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Perspective: Carol of the bells

Shaouraav Shreshtha

The town was silent, the bells were not.

Although it seems ages ago, like a thick fog in a scene from Dicken’s A Christmas Carol, Christmas Eve 2020 is one we will not long to forget. The Pandemic had shuttered most of the churches, the beauty of their stained-glass windows eerily dark. Unlike the gaiety of Christmases past, many of us were home alone trying to shelter against the virus that was raging the world, still is.

And yet, out of that darkness came the sound of bells. In a symbol of hope and faith, the churches in our community decided to ring their bells together at a designated time on Christmas Eve.

With no beloved family gatherings, my husband and I decided to leave the warmth of our fire and headed out into the cold night to hear the bells.

Deserted roads greeted us as people remained sequestered in their homes. Even so, it seemed as if the neighborhoods glowed with more colorful holiday lights than usual in a show of communal perseverance.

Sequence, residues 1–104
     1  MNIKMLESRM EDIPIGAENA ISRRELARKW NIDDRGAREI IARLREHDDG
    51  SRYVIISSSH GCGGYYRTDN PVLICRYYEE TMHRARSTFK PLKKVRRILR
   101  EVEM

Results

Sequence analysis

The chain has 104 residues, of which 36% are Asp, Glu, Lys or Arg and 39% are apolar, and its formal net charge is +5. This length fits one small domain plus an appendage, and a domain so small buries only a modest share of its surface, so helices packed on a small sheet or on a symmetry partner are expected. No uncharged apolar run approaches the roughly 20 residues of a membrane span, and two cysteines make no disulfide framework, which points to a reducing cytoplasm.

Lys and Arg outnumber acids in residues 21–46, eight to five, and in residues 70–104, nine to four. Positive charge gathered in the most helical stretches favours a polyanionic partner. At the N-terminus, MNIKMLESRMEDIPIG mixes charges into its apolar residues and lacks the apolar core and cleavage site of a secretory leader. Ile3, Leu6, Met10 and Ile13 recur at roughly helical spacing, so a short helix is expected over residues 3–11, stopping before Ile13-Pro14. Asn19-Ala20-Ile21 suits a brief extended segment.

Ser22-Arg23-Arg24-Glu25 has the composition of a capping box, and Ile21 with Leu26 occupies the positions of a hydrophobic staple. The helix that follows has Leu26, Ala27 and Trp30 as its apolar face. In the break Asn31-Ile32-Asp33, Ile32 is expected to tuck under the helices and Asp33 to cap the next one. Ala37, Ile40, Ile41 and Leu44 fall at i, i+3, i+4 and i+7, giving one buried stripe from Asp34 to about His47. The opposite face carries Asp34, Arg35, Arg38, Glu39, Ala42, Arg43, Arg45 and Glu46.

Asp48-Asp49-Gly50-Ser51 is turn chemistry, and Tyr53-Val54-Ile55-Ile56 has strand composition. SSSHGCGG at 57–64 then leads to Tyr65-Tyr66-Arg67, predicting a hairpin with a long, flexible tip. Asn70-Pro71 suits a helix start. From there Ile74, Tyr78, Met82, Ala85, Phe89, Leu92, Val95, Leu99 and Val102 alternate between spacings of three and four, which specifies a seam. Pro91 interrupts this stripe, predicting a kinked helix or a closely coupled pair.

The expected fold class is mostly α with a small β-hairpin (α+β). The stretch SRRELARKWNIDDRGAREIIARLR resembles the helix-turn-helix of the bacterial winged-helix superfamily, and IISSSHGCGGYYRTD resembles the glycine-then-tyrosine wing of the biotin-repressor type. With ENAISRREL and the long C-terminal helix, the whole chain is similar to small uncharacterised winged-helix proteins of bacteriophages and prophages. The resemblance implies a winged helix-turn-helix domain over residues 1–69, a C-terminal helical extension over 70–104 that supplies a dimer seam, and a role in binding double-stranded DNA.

A flurry of white snowflakes blew gently against the dark lending a bit of snow globe magic to an already surreal setting. Parking our car in an empty lot across from our church, we stepped out into a frosty wind just as our old, historic church bell began to ring. Other church bells across the city joined in, echoing each other with their deep resounding reminders of enduring love and joy.

For despite the pandemic’s power, serenity and peace filled this holy night.

Lo, these two years later, I am so grateful to the bell ringers of the world, both literal and figural, for continually ringing us through the darkness and into the light.

Marnie O. Mamminga has been a professional essayist and features writer for more than 20 years.